This morning, I woke up with an idea. These days, I awake, look at the clock, and then turn over and go back to sleep until the alarm goes off, but not this morning. This morning, I woke up, looked at the clock (4:05 AM), and headed to my journal and computer. I had a story idea. Sorry about the swearing (I left out the words on this blog post, but they will go into the manuscript).
Here’s an excerpt (I don’t want to bore you with too much, but here’s a little:):
Tonight, the excitement can’t be tamed, and the solitude that I treasure in the locker room an hour after a big game won’t come. I turn off the shower, grab my towel, and head to my locker near the door. Three of the seniors walk by and congratulate me on the game. It’s beginning to quiet down. The last few lockers slam shut as Bradley comes around the corner of the far row.
I scan the bench while attaching my sticks to the outside of my bag. After zipping up the bag, I lift the corner end to find the game puck still sitting there. I grab it as Bradley sits down.
“Great game tonight, Griff.” He says while extending his fist.
“Thanks. You too. You played awesome.” I give it a bump.
“That shot at the end was a classic. A top ten highlight.”
“I would never had gotten off that shot if it wasn’t for your pass. In fact, I want you to have the game puck.” I toss it to him as he stands up and he catches it in the shoulder.
“No way, Griff, the team gave it to you.” And he holds it up.
“They gave it to me for the winning goal. I wouldn’t have gotten it if it wasn’t for that pass.”
“Dude, I can’t take it. There’s no way I could have hit that slap shot like you did. I’ll never be able to put that much velocity on it.” He starts to walk away.
“Again, I’d never gotten the chance if it wasn’t for the perfect pass.” And I drop it into the pocket on the side of his bag.
“Thanks, man!” He stops, reaches out his hand, shakes mine and says, “Now, let’s win a state championship.”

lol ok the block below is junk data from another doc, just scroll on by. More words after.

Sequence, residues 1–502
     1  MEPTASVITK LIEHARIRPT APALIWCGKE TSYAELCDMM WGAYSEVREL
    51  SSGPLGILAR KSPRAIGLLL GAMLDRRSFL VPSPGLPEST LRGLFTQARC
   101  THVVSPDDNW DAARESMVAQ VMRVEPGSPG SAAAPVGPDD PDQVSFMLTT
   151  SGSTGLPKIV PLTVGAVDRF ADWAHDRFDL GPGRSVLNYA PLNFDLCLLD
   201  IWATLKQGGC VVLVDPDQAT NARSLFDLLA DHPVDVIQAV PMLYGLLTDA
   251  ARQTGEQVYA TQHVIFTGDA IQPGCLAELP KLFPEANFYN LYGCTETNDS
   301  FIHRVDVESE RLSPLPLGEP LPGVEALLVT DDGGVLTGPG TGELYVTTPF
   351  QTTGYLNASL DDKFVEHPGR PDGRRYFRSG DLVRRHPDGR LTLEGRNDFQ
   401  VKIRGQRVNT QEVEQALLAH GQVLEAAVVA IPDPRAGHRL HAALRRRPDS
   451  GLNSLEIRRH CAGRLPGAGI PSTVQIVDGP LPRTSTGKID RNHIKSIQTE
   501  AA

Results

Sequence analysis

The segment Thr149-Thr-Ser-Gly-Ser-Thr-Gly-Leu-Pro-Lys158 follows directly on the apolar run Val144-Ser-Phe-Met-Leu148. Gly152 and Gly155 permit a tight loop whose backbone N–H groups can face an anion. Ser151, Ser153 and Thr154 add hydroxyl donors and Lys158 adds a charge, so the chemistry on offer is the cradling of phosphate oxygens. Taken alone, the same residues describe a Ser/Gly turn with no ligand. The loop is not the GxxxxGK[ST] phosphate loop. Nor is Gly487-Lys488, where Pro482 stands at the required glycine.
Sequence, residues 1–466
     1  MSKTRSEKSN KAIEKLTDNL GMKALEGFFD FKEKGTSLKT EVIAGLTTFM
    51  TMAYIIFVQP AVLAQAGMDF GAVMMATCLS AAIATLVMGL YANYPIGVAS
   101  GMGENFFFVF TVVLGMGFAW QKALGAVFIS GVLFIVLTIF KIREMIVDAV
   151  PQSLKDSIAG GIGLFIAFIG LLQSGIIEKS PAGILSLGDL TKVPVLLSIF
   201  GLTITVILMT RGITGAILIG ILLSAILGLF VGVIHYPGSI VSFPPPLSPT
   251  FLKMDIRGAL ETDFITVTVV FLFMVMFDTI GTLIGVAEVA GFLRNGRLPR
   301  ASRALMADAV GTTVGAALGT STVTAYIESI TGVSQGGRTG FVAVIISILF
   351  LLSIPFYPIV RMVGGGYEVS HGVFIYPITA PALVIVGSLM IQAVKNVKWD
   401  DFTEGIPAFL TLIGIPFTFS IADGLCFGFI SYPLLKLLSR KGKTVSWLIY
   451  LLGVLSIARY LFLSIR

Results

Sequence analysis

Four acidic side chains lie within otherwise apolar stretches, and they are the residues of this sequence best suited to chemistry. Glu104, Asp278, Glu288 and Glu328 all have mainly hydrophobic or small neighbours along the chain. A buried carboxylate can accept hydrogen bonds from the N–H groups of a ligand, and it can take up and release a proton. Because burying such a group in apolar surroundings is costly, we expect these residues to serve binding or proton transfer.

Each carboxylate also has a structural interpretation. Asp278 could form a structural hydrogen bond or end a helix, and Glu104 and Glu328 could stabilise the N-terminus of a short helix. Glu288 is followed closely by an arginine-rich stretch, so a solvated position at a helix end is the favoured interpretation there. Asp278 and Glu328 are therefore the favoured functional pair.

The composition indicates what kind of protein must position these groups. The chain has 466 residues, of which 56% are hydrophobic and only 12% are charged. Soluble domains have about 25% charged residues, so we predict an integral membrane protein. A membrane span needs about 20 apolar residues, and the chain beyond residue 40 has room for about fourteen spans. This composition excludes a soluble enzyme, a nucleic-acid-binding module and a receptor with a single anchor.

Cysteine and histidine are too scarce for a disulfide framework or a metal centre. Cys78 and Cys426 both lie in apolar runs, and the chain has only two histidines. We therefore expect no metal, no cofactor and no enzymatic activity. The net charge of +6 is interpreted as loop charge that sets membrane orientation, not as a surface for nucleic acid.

We step out into the bitter cold of the night. Steam rises off the tops of her heads. The once wet sidewalk is now iced over and slick. Bradley’s dad is waiting in the still running parked car at the end of the sidewalk. The trunk pops open. When we approach, his dad jumps out of the car.
“Hey, Dad. Great win tonight!” Bradley is still excited. He throws his gear into the trunk.
“What are you talking to that jerk (I don’t intend to use “jerk” in the final manuscript) for? He stole “your” winning goal.” He’s not even looking at me when he says it.
“He didn’t steal it. There’s no way I could’ve made that shot.”
“What is wrong with you? Get in the car.” He grabs Bradley by the left shoulder and swings him into the car. He kicks him in the right leg as he slams the door shut and yells, “You don’t need that jerk. When are you going to turn into a man and take control out there on the ice?”
He comes around the front of the car glaring at me, “What are you looking at? Trying to show up your dead brother.”
I bite my tongue as hard as I can, but the tears and anger is boiling inside of me. “Go to he*& (again, that’s not what’s going in the manuscript), Mr. Reynolds.”
I turn and wave at my dad, who’s just pulled into the parking lot, and start walking towards his car. My heart is beating so fact that I’m dizzy and the tears that I’m willing not to come are blurring my vision.